Rough Riders (miniseries)

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Rough Riders
Rough Riders (film).jpg
Genre war
Written by John Milius
Hugh Wilson
Directed by John Milius
Starring Tom Berenger
Sam Elliott
Gary Busey
Music by Peter Bernstein
Country of origin United States
Original language(s) English
Production
Producer(s) Tom Berenger
executive
William J. MacDonald
Robert Katz
Moctesuma Esparza
Larry Levinson
co-producer
Frank Q. Dobbs
Cinematography Anthony B. Richmond
Editor(s) Sam Citron
Running time 184 minutes
Production company(s) Affinity Entertainment
Esparza Katz
Larry Levinson Productions
Budget $19 million
Release
Original release 20 July – 21 July 1997

Rough Riders is a 1997 television miniseries directed and co-written by John Milius about future President Theodore Roosevelt and the regiment known as the 1st US Volunteer Cavalry; a.k.a. the Rough Riders. The series prominently shows the bravery of the volunteers at the Battle of San Juan Hill, part of the Spanish–American War of 1898. It was released on DVD in 2006. The series originally aired on TNT with a four-hour running time, including commercials, over two consecutive nights during July 1997.[1]

Plot[edit]

In 1898 the US government decided to intervene on the side of the Cuban rebels in their struggle against Spanish rule. Assistant Navy Secretary Theodore Roosevelt decides to experience the war first hand by promoting and joining a volunteer cavalry regiment.

The regiment, later known as the Rough Riders, brings together volunteers from all corners of the nation and all walks of life. They include a stagecoach robber, Henry Nash, and patrician men.

When Roosevelt and his men finally land on Cuba, they face ambush, intense enemy fire, and a desperate, outnumbered charge up a defended hill.

Cast[edit]

Production[edit]

Development[edit]

John Milius had long been an admirer of Teddy Roosevelt, and featured him as a character in his film, The Wind and the Lion (1975) (played by Brian Keith). He had tried to make a film about Roosevelt and the Rough Riders for a number of years but "nobody cared," he said. "When I would pitch a film about Roosevelt and the Spanish-American War, they wouldn't get it. They would say, 'It's not exactly a Western, and it's not a war picture, so what is it?' I think it's both. The last great Western of the 19th century.... [Roosevelt was] an extraordinary character. He makes a really good contrast to the way things are today. He put his money where his mouth was. He was the real thing."[2]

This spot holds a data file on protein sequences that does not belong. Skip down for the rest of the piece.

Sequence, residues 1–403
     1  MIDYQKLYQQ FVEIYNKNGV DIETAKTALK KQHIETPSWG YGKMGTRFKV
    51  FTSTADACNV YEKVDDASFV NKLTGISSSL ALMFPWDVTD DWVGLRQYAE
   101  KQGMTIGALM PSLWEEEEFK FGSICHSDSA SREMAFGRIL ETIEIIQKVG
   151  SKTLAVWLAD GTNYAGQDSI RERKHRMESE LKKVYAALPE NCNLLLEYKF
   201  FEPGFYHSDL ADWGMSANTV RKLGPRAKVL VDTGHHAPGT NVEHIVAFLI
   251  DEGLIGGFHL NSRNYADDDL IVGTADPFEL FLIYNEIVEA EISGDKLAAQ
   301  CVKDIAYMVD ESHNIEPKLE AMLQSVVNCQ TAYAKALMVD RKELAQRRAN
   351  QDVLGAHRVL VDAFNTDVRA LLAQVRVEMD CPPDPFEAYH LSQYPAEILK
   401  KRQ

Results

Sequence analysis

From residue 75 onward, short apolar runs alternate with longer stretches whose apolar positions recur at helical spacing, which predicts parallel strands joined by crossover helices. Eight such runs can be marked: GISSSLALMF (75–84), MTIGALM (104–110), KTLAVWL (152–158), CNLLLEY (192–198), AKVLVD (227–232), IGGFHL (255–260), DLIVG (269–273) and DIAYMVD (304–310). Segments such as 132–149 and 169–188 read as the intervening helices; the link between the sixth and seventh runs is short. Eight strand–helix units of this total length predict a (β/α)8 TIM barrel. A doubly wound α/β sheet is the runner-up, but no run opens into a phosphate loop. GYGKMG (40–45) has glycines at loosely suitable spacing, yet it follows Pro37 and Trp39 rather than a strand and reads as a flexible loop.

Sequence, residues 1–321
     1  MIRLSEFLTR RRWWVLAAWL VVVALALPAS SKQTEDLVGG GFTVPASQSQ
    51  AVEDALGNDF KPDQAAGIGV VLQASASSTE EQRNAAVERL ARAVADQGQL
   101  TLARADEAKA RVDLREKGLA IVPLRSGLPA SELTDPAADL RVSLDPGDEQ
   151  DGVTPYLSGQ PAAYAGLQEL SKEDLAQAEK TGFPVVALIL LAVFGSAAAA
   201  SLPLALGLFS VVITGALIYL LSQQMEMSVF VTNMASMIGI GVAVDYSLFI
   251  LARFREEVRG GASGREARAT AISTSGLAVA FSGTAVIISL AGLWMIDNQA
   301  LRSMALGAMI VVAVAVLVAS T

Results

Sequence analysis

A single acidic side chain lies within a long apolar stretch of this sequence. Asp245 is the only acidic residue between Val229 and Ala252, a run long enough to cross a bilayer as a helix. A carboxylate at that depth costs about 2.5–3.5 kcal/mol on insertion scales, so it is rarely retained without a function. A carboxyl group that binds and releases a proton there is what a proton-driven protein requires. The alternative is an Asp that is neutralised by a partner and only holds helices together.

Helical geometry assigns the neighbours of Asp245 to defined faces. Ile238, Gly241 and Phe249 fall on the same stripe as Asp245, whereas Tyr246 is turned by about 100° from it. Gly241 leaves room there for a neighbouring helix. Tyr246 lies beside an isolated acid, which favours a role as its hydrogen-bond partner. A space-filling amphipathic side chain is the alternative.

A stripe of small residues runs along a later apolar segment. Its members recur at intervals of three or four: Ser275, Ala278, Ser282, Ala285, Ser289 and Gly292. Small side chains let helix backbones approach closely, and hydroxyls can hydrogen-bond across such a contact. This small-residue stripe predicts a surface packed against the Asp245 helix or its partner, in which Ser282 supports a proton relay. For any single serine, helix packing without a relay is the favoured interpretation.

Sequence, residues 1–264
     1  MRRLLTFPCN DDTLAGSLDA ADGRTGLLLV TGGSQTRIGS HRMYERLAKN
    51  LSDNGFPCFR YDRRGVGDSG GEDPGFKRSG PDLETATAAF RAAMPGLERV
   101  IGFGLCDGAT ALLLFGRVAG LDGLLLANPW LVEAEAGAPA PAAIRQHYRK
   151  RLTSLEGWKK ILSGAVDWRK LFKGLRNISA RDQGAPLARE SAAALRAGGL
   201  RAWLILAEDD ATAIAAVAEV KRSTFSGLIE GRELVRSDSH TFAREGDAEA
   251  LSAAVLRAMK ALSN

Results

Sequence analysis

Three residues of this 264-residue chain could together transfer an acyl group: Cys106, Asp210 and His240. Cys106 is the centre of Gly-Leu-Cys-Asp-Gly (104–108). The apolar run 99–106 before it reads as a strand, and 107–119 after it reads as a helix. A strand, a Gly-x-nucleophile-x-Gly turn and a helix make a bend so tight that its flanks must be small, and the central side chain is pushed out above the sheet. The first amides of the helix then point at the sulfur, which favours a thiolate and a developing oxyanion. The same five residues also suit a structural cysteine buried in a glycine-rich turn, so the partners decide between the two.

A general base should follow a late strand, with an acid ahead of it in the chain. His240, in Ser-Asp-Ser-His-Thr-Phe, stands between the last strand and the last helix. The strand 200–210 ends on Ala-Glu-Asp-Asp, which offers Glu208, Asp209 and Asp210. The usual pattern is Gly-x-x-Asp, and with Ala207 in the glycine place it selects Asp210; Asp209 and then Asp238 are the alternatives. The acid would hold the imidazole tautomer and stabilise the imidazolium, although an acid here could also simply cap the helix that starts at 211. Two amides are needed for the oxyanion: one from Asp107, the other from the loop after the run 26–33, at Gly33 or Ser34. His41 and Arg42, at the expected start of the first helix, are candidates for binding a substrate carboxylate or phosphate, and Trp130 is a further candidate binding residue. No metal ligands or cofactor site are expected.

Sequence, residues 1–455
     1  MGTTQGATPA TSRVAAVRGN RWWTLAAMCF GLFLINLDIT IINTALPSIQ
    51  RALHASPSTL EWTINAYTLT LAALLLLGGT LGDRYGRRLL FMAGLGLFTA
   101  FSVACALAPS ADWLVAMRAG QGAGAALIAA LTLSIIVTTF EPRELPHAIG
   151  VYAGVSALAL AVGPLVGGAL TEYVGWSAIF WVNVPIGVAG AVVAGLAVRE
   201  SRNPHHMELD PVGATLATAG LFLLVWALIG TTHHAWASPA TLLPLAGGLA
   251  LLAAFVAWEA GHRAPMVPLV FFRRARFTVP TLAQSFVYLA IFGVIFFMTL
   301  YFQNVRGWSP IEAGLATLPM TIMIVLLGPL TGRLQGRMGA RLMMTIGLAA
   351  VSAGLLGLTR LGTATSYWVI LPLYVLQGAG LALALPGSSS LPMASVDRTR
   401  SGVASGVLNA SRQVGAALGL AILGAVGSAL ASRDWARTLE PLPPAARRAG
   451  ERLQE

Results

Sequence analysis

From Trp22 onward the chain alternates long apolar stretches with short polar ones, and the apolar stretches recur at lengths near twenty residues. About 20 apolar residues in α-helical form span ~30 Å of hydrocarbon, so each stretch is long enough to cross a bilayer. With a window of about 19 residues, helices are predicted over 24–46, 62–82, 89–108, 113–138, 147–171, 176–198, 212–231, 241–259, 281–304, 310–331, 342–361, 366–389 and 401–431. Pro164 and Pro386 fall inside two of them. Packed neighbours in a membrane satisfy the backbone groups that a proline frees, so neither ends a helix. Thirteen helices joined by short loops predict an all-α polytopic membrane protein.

Tom Berenger had starred in Gettysburg (1993) for Ted Turner and was also a long time admirer of Roosevelt. Berenger pitched the idea of a mini series on the Rough Riders to Turner, giving him an outline, and Turner agreed to finance a four-hour mini series for TNT.

"I see him as a `force of nature'," said Berenger, "a kind of sweet, endearing, enthusiastic and honest man who probably wouldn't make it in politics today. Yet this incident in our history -- largely created by William Randolph Hearst and other yellow press barons -- took him to the White House."[3]

Berenger originally intended to play Colonel Leonard Wood, with Stephen Lang to play Roosevelt. Berenger said the mini series "needs a couple other names.'.. It'll be as much fun as `Gettysburg' was to do ... a bunch of guys playing a famous military unit... The casting director of `Gettysburg' told me she had 6,000 actors' submissions for that production. There were a couple of big names who wanted to do it so badly they said, `Just give me a couple of lines and a uniform - that's all I want.'"[4]

Hugh Wilson wrote the first draft and planned to direct. Berenger agreed to star and was executive producer.[5]

Eventually Wilson bowed out due to creative differences and Berenger suggested he be replaced by Milius. According to Milius, TNT executives "said, `We'll let you make it if you can make it at this price, write it quick, be in production in three months' . . . all these impossible things," said Milius. "And I said yes."[2]

"This one does sort of glorify war," said Berenger, who eventually agreed to play Roosevelt. "But you have to consider that it was written by John Milius."[6]

"In a sense, one man going up that hill, one battle, and a man became President and we acquired an overseas empire," said Milius. "Courage and valor are no longer considered great attributes in our culture. But for Roosevelt, they were the only issues. I agree."[6]